As with most personal injuries resulting from an electrical problem, those involving home wiring will require an investigation into how the incident occurred and what may have physically caused it. This includes determining the following:
- Was a part of the home wiring defective?
- If so, was the defect in its design or manufacturing?
- Was it improperly installed and code-compliant?
- Were there maintenance issues involved that caused the incident?
- Were there usage problems, such as overloaded circuits involved?
Although any electrical injury from faulty home wiring will first be considered from the perspective of a premises liability claim against the owner of a home and/or a renter (in a rental situation) -- those folks with primary responsibility for a home's safety -- answering all these investigative questions may point toward potential liability on the part of many other individuals and corporations involved with the design, manufacture, installation, and maintenance of the faulty home wiring.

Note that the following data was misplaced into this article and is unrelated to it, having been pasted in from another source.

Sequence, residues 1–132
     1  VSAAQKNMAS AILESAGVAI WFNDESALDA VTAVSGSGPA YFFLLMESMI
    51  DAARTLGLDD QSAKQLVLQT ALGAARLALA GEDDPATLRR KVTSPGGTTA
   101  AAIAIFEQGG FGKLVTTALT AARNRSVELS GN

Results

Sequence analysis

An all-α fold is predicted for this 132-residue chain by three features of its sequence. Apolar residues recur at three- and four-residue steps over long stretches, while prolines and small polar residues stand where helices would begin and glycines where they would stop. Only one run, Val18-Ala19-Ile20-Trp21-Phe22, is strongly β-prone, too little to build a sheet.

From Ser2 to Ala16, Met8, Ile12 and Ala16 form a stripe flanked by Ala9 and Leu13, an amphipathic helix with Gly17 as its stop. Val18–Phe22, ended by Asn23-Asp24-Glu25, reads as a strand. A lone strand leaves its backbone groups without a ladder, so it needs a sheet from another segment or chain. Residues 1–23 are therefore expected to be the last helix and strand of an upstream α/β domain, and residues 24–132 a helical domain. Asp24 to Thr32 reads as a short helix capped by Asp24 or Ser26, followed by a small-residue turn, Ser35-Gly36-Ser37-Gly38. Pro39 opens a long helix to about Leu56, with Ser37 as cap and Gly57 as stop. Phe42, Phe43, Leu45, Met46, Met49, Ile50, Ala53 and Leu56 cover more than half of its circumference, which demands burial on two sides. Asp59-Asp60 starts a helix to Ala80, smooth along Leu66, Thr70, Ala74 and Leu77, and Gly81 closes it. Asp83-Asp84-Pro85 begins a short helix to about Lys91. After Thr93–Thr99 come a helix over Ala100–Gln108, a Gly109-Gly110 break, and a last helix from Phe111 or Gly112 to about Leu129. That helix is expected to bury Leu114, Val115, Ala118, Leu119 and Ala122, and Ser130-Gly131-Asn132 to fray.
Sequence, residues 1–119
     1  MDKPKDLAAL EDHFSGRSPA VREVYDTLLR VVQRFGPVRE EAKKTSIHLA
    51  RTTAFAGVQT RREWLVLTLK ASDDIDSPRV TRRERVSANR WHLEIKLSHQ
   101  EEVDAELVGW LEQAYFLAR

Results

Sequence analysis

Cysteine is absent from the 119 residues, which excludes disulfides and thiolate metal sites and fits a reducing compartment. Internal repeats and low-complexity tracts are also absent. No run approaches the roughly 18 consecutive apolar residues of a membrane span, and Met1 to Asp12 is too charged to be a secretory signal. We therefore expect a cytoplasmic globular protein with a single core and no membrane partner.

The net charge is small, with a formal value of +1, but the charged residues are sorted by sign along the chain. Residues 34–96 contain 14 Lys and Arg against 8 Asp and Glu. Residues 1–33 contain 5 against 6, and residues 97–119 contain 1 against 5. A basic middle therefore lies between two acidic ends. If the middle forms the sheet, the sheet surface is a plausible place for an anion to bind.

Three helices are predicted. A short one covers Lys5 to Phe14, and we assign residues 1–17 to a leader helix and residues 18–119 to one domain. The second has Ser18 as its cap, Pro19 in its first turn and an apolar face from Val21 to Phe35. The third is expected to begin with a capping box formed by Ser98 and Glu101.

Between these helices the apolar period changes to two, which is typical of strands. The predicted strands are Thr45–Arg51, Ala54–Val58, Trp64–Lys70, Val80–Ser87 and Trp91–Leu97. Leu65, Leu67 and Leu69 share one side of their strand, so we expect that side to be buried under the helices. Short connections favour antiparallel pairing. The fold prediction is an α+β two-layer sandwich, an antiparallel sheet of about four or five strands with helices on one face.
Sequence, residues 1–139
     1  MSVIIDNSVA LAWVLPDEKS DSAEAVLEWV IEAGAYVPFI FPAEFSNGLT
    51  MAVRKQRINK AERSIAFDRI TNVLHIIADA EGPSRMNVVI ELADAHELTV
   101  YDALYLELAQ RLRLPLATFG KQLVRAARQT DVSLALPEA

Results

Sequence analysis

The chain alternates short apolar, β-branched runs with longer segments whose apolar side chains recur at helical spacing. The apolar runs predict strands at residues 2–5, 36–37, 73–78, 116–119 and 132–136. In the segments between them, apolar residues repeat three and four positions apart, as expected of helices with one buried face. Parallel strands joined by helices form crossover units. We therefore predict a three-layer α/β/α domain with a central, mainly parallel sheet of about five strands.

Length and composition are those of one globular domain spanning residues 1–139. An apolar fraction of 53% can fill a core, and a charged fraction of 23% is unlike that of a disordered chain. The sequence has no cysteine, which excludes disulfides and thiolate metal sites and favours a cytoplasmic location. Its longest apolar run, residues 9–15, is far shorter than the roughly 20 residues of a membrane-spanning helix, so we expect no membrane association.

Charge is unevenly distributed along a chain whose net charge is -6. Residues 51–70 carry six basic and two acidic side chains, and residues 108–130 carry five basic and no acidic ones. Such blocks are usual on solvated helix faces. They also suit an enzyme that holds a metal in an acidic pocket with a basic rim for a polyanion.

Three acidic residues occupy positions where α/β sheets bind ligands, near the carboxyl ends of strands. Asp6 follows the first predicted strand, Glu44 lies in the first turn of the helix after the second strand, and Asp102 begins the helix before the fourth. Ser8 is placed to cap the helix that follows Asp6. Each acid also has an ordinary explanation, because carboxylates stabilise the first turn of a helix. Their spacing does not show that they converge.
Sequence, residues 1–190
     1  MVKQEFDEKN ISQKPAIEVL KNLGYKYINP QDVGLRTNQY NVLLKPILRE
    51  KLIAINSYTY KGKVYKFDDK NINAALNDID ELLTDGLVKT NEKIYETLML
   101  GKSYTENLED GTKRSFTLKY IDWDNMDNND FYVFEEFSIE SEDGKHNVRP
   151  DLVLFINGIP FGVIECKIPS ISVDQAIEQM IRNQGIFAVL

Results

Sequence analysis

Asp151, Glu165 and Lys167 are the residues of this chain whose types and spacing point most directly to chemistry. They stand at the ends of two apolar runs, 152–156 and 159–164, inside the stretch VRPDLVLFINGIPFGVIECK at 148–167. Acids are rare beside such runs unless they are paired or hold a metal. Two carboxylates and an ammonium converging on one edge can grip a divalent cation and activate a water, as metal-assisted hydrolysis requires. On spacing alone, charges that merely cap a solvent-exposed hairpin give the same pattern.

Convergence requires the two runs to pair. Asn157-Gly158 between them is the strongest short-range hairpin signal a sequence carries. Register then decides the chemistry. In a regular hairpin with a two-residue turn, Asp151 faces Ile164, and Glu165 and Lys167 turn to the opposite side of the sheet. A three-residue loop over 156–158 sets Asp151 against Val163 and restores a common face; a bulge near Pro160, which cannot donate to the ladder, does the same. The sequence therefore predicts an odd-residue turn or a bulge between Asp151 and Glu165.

View this video describing essential elements of home electrical systems:Sacramento Electrical Injury Lawyers
Hello, my name is Ed Smith, and I am a Sacramento Electrical Injury Lawyer. We want to believe we are safe at home from the dangers of the "outside world." Still, our home may have inherent perils of which we need to be aware to increase our safety. Common sense solutions like GFCI outlets and smoke detectors can make us much safer against electrical shock and burn injuries from faulty home wiring. However, these incidents can still occur with devastating results. If you or a member of your family have been injured in an incident involving shocks or burns caused by faulty home wiring, please contact our office for free, friendly advice at (916) 921-6400 or (800) 404-5400, or reach out to us via our online contact form.